Becoming a German State Teacher.

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PLS, could you link to the websites for finding teaching jobs in NRW that you mentioned earlier? I'm working as a freelance English teacher in Bonn right now, and I've been looking around for something more permanent, but haven't had much luck with the schools here. I'd like to see what possibilities are out there.

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Bayern is a particularly tricky place to find work if you didn't train here.My wife used to work with a Physical Education and Computer qualified teacher.She had grades of 1.2 and could only work in a Catholic school not a state school as she qualified in Baden-Wurrtemberg.My wife had 3 years teaching Music & Deutsch in Catholic and state schools and now has to take the State exam after 2 years in University as her second subject is only at Master level and not Doctor as is her first subject.

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PLS, could you link to the websites for finding teaching jobs in NRW that you mentioned earlier? I'm working as a freelance English teacher in Bonn right now, and I've been looking around for something more permanent, but haven't had much luck with the schools here. I'd like to see what possibilities are out there.

 

It might be useful to do some substitute teaching first to see if you like it and get a grasp of things. You can find available positions in NRW here: VERENA

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There is also an age limit to becoming a Beamte (or so I have been told). It might be worth finding out what it is in your Land. If you manage to get Beamte status in one Land, it is very rare that you can move to a different Land. One of my colleagues managed it, but in order to do so had to swap with a teacher from Bayern with the same subjects. Other colleagues had to resign and are now teachers with contracts rather than Beamtes. (So worse pay). Different Laender permit different subject combinations too. Sorry, I can't tell from your post if you are thinking of primary or secondary teaching, so don't know if that would affect you.

Whilst your German doesn't have to be perfect (mine certainly isn't), I find that having to write all of my tests is challenging and I have had parents complaining about the 'peculiar wording' of tests and that was why their son didn't get a very good grade. (Unfortunately for them, I had copied the question they were complaining about directly from the text book!). I have also had parents telling me that the reason their daughter has a bad grade (as in failing the year) is because she couldn't understand me.

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jb2 I don't think it would matter if you were perfect in German there are always those parents who just can't accept that little Johnny or Jill just aint' Einstein, they'd find something else you were obviously doing wrong to account for their poor performance, like using black pen on the board instead of blue. You just have to roll with it. Glad you could back yourself up though. I would have loved to see the look on that parent's face when you pulled the text on them to show where the question came from.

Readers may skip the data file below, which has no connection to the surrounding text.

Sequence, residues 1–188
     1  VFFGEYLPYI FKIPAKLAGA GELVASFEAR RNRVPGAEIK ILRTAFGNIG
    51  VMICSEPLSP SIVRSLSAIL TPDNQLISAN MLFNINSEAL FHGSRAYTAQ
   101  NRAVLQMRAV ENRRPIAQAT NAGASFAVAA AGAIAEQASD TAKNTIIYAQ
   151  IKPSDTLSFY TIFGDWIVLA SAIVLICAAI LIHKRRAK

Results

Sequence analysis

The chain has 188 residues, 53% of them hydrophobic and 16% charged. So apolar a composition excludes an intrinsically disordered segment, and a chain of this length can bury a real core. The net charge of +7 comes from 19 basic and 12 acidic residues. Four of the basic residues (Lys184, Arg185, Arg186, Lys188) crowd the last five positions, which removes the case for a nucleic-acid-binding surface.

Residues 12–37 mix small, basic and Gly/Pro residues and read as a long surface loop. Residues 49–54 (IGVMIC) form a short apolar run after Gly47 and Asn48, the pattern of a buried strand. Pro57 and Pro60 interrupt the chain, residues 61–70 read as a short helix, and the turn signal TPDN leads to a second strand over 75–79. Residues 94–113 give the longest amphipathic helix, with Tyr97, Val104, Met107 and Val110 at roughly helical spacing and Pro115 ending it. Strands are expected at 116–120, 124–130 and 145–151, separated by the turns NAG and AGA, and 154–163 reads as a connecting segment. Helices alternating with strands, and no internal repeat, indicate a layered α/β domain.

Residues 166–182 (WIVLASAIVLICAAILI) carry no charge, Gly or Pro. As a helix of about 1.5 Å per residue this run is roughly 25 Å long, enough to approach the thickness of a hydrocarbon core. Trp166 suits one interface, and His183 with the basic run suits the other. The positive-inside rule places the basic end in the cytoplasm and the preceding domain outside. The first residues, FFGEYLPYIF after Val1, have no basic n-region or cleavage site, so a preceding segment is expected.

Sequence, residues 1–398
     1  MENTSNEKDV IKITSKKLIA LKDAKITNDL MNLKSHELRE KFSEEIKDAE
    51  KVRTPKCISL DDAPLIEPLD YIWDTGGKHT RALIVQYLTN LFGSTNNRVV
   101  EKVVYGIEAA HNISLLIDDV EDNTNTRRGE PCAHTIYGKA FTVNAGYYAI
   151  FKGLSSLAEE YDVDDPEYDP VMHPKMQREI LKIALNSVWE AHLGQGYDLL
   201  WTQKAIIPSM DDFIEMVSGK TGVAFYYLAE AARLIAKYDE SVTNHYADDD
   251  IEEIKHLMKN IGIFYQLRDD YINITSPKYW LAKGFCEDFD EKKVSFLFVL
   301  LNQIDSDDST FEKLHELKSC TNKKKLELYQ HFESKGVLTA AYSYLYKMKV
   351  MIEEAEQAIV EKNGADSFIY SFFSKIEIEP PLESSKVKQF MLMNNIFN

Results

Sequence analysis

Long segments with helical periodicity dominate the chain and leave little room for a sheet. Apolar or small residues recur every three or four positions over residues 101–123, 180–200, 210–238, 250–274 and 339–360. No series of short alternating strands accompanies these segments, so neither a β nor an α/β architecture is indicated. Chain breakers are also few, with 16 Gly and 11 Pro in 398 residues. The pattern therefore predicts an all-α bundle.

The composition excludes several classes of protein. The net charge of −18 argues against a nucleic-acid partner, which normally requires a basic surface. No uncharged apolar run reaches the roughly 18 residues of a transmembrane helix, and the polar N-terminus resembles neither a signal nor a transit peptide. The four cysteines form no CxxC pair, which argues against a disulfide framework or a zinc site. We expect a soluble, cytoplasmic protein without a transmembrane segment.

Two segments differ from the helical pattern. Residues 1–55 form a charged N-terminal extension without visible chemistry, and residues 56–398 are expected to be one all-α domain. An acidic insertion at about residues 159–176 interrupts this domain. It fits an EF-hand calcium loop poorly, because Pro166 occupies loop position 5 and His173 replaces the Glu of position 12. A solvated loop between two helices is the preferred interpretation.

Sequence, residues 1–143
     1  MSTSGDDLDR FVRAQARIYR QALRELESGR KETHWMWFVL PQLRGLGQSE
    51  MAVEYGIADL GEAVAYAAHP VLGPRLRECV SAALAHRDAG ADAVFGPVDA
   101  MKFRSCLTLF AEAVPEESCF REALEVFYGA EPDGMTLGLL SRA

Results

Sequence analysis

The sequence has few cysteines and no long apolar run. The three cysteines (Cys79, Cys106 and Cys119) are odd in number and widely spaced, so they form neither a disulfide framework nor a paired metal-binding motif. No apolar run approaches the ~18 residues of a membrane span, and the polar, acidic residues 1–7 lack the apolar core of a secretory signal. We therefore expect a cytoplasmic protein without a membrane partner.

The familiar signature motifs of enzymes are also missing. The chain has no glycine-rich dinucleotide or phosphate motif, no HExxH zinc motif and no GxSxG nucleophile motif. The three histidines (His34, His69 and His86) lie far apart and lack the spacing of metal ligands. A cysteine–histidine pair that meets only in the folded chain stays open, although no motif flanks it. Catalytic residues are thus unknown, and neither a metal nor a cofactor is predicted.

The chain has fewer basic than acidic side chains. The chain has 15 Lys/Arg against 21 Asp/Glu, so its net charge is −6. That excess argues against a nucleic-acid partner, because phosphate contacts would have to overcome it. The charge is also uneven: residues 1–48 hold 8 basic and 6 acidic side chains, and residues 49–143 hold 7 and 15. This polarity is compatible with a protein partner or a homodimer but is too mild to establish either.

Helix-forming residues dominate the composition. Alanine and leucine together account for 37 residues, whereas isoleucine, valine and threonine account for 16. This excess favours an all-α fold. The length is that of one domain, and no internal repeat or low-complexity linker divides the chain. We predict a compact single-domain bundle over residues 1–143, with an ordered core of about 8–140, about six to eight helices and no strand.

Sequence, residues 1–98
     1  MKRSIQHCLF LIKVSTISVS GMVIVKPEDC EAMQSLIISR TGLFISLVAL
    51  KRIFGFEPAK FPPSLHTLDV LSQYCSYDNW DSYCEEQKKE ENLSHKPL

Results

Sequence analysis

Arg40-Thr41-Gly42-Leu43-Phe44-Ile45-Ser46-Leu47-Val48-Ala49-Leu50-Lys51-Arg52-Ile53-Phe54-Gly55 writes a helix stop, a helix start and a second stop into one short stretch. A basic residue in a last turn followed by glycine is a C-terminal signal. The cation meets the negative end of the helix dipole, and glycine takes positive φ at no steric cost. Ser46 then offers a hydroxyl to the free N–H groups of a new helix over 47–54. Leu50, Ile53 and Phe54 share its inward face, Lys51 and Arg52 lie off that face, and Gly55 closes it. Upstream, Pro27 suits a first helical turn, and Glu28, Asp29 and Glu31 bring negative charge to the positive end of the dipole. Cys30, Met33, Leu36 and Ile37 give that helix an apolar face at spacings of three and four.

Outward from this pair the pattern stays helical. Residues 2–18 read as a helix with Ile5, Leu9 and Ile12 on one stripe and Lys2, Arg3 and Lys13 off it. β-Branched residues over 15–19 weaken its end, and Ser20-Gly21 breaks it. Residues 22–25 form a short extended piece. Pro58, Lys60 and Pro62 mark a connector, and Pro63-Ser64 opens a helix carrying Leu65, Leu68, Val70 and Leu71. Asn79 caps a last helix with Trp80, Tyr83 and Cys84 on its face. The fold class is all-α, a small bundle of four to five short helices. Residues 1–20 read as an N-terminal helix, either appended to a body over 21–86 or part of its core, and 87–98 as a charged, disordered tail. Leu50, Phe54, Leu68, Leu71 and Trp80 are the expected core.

But I have wondered about the trials and tribulations of trying to write and mark papers in German when it's not your first language doing it in English is hard enough sometimes.

 

Thanks for your account of working in a school as a none native.

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The look made my parents' evening!

I give my tests to the head of faculty to check before giving them to the pupils (not just to check the language but also content.) He was very surprised the first time, but I felt that I had to do it so that parents couldn't turn round at the end of the year and blame me for the poor grades - well they still try to, but don't get anywhere. I now tell them that this is what I do at the 'meet the teachers' evening at the start of the year.

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Regarding teaching in German, I've only done it in universities, not schools, but I think the same principles apply. Basically, I've always found it's not that marking and preparing materials is that much harder/more time consuming than in English, but I have to be rather more organised. I can't be printing something off ten minutes before class if someone else has to look it over; I need to have examples prepared (depending on topic) before class instead of being 100% spontaneous, and I can't just skim corrections the night before if I'm going to have to look something up.

 

Besides, it's not as if the majority of German English teachers are going into class speaking perfect English...

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Flavia I agree. I often think well I am sure the German English teachers are far from perfect (and everyone must know that) but I think there is a double standard in that respect. I have noticed most companies here feel you only need 'decent' English to work in English for them even if the company language is English but they will still insist on native or near native German. I have come to the conclusion it is a way to protect German jobs which is probably fair play in some way.

 

I guess it is the same in the school system.

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I just read in another thread that it seems some places in MV are so desperate for teachers that they'll even take those without a teaching qualification. I wonder if this might be a way to eventually get into the system...

 

 

I know a lot of smaller towns in M-V are hurting for English teachers in the school system, I don't know if Rostock is small enough to fit into this category or not. You might run into some problems getting a teaching job in a public school because you don't have the same teaching license as other German teachers (similar to a bachelor of education I believe, depending on where you're from) but I believe the private schools have a little more wiggle room on this. I've also done a certification similar to CELTA, I have almost NO experience and I just got a teaching position with contract at a private school here teaching 4 english classes (15 classroom hours a week) and I will be picking up another class on top of that in a few weeks.